NORDIC WALKING AND STANDARD EXERCISE THERAPY IN PATIENTS WITH CHRONIC HEART FAILURE: A RANDOMIZED, CONTROLLED-TRIAL COMPARISON
CCC ePoster Library. Prince S. 10/25/19; 280301; 145
Dr. Stephanie Prince
Dr. Stephanie Prince
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BACKGROUND: Nordic walking (NW) is a form of exercise training that may be advantageous for patients with heart failure (HF). The objective of this study was to determine whether a 12-week program of NW is more effective than standardized exercise therapy (SET) in increasing exercise capacity and HF-specific health-related quality of life (HRQL) in such patients.

METHODS AND RESULTS: A two-arm randomized controlled trial allocated 77 patients with HF to either SET or NW for a 12-week intervention period. Primary outcomes included changes in distance walked in the six-minute walk test (6MWT) and the Minnesota Living with Heart Failure Questionnaire (MLHFQ) at 12-weeks. Secondary outcomes included changes in symptoms of anxiety and depression, general HRQL, body composition, physical activity, fitness, and N-terminal pro b-type Natriuretic Peptide (NTproBNP). Both groups achieved similar significant improvements in their 6MWT distance (NW = +68.2 m ± 47.8 m vs. SET = +54.6 m ± 62.3 m, mean difference = -13.6 m, 95% CI: -42.6, 15.4) and MLHFQ scores (NW = -10.9 ± 18.0 vs. SET = -12.9 ± 16.3, mean difference = 2.0, 95% CI: -7.3, 11.3). A significant improvement was found in both trial arms for self-reported physical functioning, anxiety and depression scores, as well as NTproBNP levels. Improvements in the mental component subscale of the SF-36 generic-HRQL instrument were significantly higher in the NW group compared to SET.

CONCLUSION: NW is as effective as SET for improving functional fitness, HF-specific HRQL, symptoms of anxiety and depression and reducing NTproBNP levels in individuals with HF. NW can be offered as an alternative to SET.
BACKGROUND: Nordic walking (NW) is a form of exercise training that may be advantageous for patients with heart failure (HF). The objective of this study was to determine whether a 12-week program of NW is more effective than standardized exercise therapy (SET) in increasing exercise capacity and HF-specific health-related quality of life (HRQL) in such patients.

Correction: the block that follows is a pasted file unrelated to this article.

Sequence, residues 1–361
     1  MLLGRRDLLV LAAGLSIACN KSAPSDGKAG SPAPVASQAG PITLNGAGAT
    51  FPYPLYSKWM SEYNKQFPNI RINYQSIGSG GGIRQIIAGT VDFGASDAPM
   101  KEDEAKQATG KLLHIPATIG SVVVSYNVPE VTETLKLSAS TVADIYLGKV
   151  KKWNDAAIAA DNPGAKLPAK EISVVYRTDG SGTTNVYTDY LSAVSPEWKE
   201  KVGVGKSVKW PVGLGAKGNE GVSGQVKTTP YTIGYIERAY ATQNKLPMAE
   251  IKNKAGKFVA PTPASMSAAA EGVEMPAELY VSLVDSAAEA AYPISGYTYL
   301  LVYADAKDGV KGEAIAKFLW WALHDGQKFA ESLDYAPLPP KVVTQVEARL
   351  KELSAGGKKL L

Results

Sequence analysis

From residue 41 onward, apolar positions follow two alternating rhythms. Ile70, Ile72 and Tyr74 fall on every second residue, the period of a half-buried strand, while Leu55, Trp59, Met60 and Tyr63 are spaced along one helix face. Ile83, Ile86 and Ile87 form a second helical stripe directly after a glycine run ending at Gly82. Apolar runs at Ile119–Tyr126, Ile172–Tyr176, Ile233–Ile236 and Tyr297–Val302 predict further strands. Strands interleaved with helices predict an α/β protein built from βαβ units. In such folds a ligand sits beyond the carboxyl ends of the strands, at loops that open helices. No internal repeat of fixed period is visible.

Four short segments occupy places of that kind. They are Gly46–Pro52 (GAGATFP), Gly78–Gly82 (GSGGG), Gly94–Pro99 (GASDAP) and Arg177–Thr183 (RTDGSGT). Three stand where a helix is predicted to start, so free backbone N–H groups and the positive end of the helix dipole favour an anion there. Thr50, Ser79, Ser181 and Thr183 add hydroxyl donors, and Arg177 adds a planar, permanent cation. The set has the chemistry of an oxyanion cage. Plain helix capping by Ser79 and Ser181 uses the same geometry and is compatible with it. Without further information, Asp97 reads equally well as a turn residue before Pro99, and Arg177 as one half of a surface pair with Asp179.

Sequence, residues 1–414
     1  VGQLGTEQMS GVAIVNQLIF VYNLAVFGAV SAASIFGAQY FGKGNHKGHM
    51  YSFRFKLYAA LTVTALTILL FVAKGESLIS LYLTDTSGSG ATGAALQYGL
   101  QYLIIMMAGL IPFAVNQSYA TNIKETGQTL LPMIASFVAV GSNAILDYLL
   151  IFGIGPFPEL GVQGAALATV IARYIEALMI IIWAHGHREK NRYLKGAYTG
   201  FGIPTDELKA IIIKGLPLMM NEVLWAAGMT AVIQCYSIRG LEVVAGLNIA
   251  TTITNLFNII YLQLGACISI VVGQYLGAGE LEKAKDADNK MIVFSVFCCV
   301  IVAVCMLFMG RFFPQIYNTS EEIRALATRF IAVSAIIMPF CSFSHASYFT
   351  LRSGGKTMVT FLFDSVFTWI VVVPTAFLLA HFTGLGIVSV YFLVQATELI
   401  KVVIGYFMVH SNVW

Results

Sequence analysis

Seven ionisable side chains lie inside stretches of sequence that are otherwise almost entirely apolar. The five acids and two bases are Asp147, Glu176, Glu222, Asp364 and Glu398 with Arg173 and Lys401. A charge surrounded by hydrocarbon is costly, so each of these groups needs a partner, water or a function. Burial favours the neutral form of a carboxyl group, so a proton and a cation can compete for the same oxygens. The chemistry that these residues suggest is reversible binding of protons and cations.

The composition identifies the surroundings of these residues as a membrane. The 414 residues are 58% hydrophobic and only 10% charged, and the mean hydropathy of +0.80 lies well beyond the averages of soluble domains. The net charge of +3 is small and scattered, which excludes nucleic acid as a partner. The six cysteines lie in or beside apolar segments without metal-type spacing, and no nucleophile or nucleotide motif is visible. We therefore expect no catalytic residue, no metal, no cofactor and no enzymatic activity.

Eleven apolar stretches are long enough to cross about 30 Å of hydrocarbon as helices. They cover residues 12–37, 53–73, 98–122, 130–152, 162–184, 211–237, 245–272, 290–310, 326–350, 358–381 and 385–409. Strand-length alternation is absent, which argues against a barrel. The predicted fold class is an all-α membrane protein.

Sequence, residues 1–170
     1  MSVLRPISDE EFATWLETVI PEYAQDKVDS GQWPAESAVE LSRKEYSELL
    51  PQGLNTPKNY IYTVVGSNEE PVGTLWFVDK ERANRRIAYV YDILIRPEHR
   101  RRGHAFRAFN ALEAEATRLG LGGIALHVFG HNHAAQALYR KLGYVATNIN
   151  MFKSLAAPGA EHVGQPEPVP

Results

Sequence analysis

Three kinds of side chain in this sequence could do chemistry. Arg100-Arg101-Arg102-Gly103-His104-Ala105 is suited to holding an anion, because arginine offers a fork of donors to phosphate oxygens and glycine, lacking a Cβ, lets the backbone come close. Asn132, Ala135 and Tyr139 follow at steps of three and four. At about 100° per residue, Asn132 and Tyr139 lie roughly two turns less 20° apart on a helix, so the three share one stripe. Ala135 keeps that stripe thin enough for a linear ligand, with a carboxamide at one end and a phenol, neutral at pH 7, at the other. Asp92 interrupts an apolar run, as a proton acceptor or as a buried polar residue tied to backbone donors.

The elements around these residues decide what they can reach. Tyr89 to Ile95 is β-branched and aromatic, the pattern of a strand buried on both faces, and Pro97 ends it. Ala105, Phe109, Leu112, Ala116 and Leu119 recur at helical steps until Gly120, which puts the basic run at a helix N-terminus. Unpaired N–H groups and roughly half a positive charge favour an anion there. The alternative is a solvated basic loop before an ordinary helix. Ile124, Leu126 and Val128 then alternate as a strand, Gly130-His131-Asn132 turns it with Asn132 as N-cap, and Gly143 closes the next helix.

METHODS AND RESULTS: A two-arm randomized controlled trial allocated 77 patients with HF to either SET or NW for a 12-week intervention period. Primary outcomes included changes in distance walked in the six-minute walk test (6MWT) and the Minnesota Living with Heart Failure Questionnaire (MLHFQ) at 12-weeks. Secondary outcomes included changes in symptoms of anxiety and depression, general HRQL, body composition, physical activity, fitness, and N-terminal pro b-type Natriuretic Peptide (NTproBNP). Both groups achieved similar significant improvements in their 6MWT distance (NW = +68.2 m ± 47.8 m vs. SET = +54.6 m ± 62.3 m, mean difference = -13.6 m, 95% CI: -42.6, 15.4) and MLHFQ scores (NW = -10.9 ± 18.0 vs. SET = -12.9 ± 16.3, mean difference = 2.0, 95% CI: -7.3, 11.3). A significant improvement was found in both trial arms for self-reported physical functioning, anxiety and depression scores, as well as NTproBNP levels. Improvements in the mental component subscale of the SF-36 generic-HRQL instrument were significantly higher in the NW group compared to SET.

CONCLUSION: NW is as effective as SET for improving functional fitness, HF-specific HRQL, symptoms of anxiety and depression and reducing NTproBNP levels in individuals with HF. NW can be offered as an alternative to SET.
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